Mossberg 500 Turkey

Mossberg 500 Turkey

The popular Mossberg 500 now comes in .410.Mossberg

The Mossberg 500, which has long been available in dedicated turkey versions, has taken as many longbeards as just about any shotgun out there—and it now comes in .410. This small-bore has a 26-inch barrel, weighs 6.5 pounds, and is available in Bottomland. While the gun is tuned for turkeys, it'll make a reliable bunny buster, squirrel popper, or dog-training tool on planted upland birds, too. The only real downside: no removable chokes, so you're more or less stuck with the TSS pattern you get from the factory Full tube—unless of course you want to mess around with TSS handloads. That said, TSS tends to pattern well from a standard Full-choke tubes. With a real-world price around $350, the 500 Turkey is a solid option if you want a quick second or third shot. $500; mossberg.com

Tristar Viper G2 Bronze .410

Tristar Viper G2 Bronze .410

The Tristar Viper is a good-looking and versatile .410 autoloader at a nice price.Tristar

This new .410 autoloader from Tristar was not designed for kids. With a 14.75-inch length-of-pull and a fit-and-finish aimed at a more discerning eye, it’s a full-blown big-boy small-bore. At 5.8 pounds with a 28-inch barrel, it swings fast, and has become one of my favorite skeet guns. It comes with three Beretta/Benelli Mobil chokes. All of them shoot .410 lead loads very well with a clean 50/50 pattern. It cycled my dad’s light ½-ounce reloads without a hiccup after a break-in period and some Super Lube along the bolt rails. Tristar recommends shooting 20 magnum loads through this gas gun before expecting perfection. It didn’t like our handloads so much right out of the gate, but after two boxes of factory stuff, it cycled them perfectly.

It's a heck of small-game getter, too. My buddy and custom call maker Rick Reynolds, who uses the gun when chasing rabbits behind beagles through much of the winter, first introduced me to the Viper on a February bunny hunt. It's his go-to turkey gun now, too. With its bronzed Cerakote receiver and high-grade, high-polish Turkish walnut stock, the Viper isn't out of place at a high-dollar gun club. But with a real-world price under $600, maybe don't tell any snobs what you paid for it. $825; tristararms.com

Remington 870 Wingmaster .410

Remington 870 Wingmaster .410

Shown in 12-gauge above, the classis 870 Wingmaster comes in .410 too.Remington

Not new but definitely worth mentioning is this classic from Big Green. The Wingmaster .410, as the name implies, is geared for upland with a fixed Modified choke. If knocking down birds with your 20 or 28 has become just too easy, this is a classy and classic option; it's also a fun choice for rabbits, squirrels, and clays. But if you're new .410 has to do double duty in the turkey woods, look at the 870 Express and the autoloading Model 1100. The Express .410 has a fixed Full choke and patterns very well with lead and TSS. The Model 1100, until recently the only autoloading .410 on the market, provides more versatility with Rem Chokes. Like the Wingmaster, the 1100 is a beauty—one you'll want to pass down to the kids or grandkids one day. $847; remington.com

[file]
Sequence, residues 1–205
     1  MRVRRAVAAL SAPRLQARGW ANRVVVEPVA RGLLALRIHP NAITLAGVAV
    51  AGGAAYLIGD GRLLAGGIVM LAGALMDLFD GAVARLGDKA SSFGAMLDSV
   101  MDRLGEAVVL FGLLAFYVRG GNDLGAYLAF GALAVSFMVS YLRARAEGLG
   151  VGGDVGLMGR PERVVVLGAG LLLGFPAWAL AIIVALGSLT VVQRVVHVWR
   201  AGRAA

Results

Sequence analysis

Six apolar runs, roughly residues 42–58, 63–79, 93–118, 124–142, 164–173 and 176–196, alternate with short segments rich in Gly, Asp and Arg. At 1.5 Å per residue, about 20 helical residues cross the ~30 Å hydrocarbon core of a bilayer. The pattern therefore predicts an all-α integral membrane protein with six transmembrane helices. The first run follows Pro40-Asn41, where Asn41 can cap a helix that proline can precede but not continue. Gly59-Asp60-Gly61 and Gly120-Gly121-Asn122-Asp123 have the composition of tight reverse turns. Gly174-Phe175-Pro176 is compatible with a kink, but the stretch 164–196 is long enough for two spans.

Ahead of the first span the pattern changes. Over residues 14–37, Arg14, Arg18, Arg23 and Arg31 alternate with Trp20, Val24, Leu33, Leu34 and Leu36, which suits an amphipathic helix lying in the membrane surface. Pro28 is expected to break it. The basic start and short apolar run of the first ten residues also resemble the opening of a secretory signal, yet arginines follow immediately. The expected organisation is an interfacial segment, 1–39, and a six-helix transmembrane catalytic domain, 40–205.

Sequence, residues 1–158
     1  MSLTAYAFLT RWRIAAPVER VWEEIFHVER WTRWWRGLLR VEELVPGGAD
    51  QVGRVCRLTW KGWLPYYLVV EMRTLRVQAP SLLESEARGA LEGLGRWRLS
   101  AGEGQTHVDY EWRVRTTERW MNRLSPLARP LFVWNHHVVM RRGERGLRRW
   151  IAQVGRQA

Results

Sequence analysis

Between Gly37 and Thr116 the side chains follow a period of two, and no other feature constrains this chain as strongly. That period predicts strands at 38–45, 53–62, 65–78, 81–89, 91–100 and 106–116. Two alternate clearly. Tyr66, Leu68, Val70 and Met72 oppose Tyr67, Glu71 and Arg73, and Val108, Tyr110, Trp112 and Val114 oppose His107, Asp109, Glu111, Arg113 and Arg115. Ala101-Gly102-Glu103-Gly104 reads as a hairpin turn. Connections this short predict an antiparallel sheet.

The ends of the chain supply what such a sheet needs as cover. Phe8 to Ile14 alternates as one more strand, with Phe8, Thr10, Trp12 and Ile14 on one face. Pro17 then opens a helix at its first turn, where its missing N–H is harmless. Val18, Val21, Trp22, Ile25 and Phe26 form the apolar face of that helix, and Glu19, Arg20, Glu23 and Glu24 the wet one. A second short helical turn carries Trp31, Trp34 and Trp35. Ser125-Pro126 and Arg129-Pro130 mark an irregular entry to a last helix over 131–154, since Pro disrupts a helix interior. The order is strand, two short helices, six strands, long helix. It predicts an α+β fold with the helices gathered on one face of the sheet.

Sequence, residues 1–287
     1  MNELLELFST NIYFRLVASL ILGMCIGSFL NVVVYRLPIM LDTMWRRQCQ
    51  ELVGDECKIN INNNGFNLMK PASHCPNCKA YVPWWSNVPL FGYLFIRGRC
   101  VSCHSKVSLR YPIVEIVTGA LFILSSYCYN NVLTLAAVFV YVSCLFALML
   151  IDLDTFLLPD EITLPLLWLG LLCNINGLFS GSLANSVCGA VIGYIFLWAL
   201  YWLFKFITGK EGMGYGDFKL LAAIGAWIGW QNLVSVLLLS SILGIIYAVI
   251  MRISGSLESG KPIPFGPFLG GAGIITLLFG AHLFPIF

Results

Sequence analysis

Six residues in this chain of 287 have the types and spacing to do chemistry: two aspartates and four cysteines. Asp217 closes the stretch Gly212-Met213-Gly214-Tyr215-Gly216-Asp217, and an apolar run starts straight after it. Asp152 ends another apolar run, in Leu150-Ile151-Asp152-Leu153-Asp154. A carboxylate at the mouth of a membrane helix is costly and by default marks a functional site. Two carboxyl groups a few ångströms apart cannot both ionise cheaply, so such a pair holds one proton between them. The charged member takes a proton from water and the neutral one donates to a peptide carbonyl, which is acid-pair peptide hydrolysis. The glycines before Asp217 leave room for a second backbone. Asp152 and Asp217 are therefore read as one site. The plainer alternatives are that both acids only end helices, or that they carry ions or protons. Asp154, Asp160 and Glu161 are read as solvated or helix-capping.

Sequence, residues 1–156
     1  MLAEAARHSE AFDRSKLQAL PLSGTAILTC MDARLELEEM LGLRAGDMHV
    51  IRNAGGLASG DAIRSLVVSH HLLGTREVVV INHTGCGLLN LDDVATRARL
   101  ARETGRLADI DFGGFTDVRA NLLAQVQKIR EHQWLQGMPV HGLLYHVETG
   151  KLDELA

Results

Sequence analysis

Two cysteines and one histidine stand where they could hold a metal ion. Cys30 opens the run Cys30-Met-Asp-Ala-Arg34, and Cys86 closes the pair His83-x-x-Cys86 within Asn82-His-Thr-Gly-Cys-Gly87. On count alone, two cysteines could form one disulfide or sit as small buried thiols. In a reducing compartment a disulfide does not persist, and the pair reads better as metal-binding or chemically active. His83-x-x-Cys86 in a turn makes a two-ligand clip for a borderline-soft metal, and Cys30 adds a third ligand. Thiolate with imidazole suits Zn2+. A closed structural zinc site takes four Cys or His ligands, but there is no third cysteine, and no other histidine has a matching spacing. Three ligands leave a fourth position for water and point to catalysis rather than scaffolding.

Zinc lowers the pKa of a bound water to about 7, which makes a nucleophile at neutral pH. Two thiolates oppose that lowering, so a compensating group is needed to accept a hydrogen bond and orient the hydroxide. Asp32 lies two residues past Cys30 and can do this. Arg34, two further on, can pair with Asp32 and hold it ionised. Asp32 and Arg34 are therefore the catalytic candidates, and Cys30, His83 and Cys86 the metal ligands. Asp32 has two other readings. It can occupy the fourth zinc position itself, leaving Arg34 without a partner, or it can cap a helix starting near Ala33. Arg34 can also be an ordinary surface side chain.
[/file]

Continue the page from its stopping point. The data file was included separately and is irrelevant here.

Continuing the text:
Pointer Phenoma .410

Pointer Phenoma .410

The Pointer Phenoma .410 is fast-handling and fun to shoot.Legacy Sports International

Like the Tristar, this Turkish import is new for 2019 and making positive early impressions. At 6.1-pounds in synthetic and 5.9 pounds in walnut, with a 28-inch barrel, it's a lively, fast-swinging shooter—very fun to shoot, according to friends who have tried it and fallen in love. It differs from the Tristar with less blingy wood and more angular lines to the stock, the fore-end, and the styling of the 5mm raised vent rib. It comes with five Beretta/Benelli Mobil chokes and in a wide variety of color and camo options, including bronze or silver Cerakote on walnut, flat black, Bottomlands, Max5, two flavors of Obsession, and more. Some configurations are online for under $500. That's a lot of quality-gas-gun fun for the money. $529 to $799; legacysports.com

H&R Survivor .410/.45 Colt

H&R Survivor .410/.45 Colt

The discontinued H&R Survivor can be had used for around $150.H&R

My first .410 isn't exactly a shooter, but it's still an easy gun to like. The H&R Survivor, also sold as the New England Firearms Survivor, was discontinued in 2015. I got mine used for $125, and with a little work, you can find them online for not much more than that. The barrel is rifled for .45 Colt, with a screw-in choke for shooting .410s. At 40 yards, you can't call what it produces a pattern, and I'm not sure I'd shoot at a turkey at even 20 yards with it. But that's okay; this gun isn't really a hunter. At 36-inches overall, with a 22-inch barrel and a hollow butt stock for all your survival doo-dads, it's a 14-year-old's idea of a survival gun—an amped-up Rambo knife—that's really all about fun in the backyard or on the range. That said, the world could use a real-deal gobbler gun that's 36 inches long, with a 22-inch straight-bore barrel, a good choke system, onboard storage, and a sling. Paired with TSS, that might be my very last turkey gun. $325; hr1871.com

Smith & Wesson Governor

Smith & Wesson Governor

The S&W Governor shoots .410, .45 ACP, and .45 Colt loads.Smith & Wesson

Matte black and badass-looking, this is the pistol to make you a famous turkey hunter for a few seconds on Facebook. Seriously, I don’t recommend or plan on reaping turkeys with a .410 pistol. But if I were forced into it, this is the gun I’d use. The Governor holds six shells, can shoot .45 ACP with the included moon clips, and comes with Tritium Night Sights. What’s cool is that with the 3-shot moon clips, you can stagger the cylinder with .410, .45 ACP, and .45 Colt to lay down the progressively harsher law in a home- or self-defense situation. It’s also just a super-fun plinker. $869; smith-wesson.com